Before 'n' After rusproofing. Since 1987 (Ex Newbury 1999 to 2008). Now near Rugby (2 miles from junction 2 of M6). Borrow our courtesy car and have a great day out while we rustproof your vehicle.

    Why is mud/clay/chalk soil etc. so corrosive?

  • - well if you wanted to design something which corrodes steel as fast as possible you would probably want to have a cocktail like this:
    1. Ground up rocks, minerals and ores for a good coarse abrasive effect. If possible ground up iron ore aka - ferrous oxide, aka - rust , for a nice `starter' effect.
    2. Strongly acid soil, say....... ph 3.1 to 4.5 (Did you know that all the mountain, hill and moorland areas in England and Wales have strongly acid soils?)
    3. Or why not go to the other extreme and have an alkali soil? Alkali can be just as corrosive as acid. If you are going to go for alkali you probably want to go for clay (clay soils are usually alkali) as well just so it clings ferociously. That way each time you go out in the wet that dried on clay can get wet again and take forever to dry out - so the rust worms are nicely fed with the moisture which they need to do their best work.
    4. To give the cocktail a bit more `zing' and speed things up how about some enzymes in dung and ammonia from fertilizer. Throw in some decaying organic material to keep the soil well aerated and give the rust worms plenty of oxygen.
    5. To top things off nicely you would probably want to add some salt from Winter roads to really get things moving.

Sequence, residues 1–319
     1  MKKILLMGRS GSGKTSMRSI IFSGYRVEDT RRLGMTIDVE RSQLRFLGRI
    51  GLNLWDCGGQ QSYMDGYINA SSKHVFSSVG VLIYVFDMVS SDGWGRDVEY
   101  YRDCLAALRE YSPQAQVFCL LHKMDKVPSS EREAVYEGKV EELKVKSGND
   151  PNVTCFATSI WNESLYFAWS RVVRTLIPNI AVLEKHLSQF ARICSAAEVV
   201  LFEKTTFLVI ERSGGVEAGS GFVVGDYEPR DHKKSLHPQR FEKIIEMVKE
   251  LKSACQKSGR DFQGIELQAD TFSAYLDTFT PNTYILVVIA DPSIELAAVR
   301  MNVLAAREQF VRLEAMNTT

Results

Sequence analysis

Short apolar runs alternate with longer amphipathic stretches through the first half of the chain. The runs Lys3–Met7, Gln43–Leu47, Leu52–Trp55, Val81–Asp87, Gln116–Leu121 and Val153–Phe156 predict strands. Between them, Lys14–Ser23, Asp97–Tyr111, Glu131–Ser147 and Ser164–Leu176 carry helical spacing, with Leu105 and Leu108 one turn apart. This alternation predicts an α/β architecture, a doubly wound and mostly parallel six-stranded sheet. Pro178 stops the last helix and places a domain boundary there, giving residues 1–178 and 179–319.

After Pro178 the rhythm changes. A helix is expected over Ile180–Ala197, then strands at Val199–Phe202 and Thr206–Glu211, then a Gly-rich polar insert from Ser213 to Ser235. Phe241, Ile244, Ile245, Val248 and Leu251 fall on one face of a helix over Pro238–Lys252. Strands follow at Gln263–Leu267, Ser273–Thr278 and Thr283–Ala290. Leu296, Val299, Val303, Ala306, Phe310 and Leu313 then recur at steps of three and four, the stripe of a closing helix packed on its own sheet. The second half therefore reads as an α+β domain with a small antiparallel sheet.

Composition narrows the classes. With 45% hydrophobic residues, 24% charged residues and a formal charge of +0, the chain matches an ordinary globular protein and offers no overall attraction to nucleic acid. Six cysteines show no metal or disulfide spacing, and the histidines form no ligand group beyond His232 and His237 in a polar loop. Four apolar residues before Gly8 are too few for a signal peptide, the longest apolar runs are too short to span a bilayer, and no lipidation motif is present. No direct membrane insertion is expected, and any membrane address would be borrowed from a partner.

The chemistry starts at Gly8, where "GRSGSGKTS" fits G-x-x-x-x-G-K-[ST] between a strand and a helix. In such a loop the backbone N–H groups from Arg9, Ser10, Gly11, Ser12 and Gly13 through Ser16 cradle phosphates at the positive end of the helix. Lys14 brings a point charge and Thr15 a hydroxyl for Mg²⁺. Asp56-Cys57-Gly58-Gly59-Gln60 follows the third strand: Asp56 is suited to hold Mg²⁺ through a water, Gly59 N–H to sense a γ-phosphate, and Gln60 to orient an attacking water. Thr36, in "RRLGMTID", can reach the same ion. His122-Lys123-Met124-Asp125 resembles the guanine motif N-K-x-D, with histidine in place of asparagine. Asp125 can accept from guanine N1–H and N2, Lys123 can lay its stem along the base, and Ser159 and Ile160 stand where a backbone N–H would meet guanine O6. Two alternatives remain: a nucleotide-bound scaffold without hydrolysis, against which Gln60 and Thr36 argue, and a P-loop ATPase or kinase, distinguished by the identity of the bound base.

• These maps will show you what you are up against:
  • Map of soil ph in UK - click here
  • Map of clay content in UK - click here
  • Map of most aggressive soils in the UK - click here
  • Only KLEENtect can stand up to this cocktail:

First Battery acid then caustic soda (alkali) and then salt do not even affect the gloss finish on this KLEENtect panel

  • Click on image to see larger image
  • A KLEENtect coated panel and a galvanized panel were subjected to this extreme test with the results shown above. They were first dipped in an inch of battery acid for 20 minutes (ph 1) then rinsed in cold water. They were then left in an inch of caustic soda (alkali) solution (ph24) overnight then rinsed in cold water. They were then left in salt water for ten minutes then left for a day. Result: The KLEENtect panel was totally unmarked (KLEENtect contains PTFE which is impervious to acid and alkali attack) The galvanized panel was completely stripped of its zinc coating and is rusting badly.
  • You can do a safe and easy version of this test yourself:
  • You can do a safe version of this test at home. We can supply an easy and safe to use KLEENtect test panel kit. For safety and convenience's sake instead of a beaker of acid we give you a bulb and pipette to put just a drop of acid or caustic soda on the panel. ( Use the pipette to take a couple of drops from your own battery. Or why not devise your own tests?. KLEENtect will pass any test you devise with flying colours. To get your test kit of a KLEENtect test panel, bulb pipette and instructions send an addressed label and a cheque for £10 to: Chris Parkinson, Before 'n' After, 87 West, New Greenham Park, Newbury, Berks, RG19 6HN
  • KLEENTect treatment for new (or nearly new) Land Rovers: click here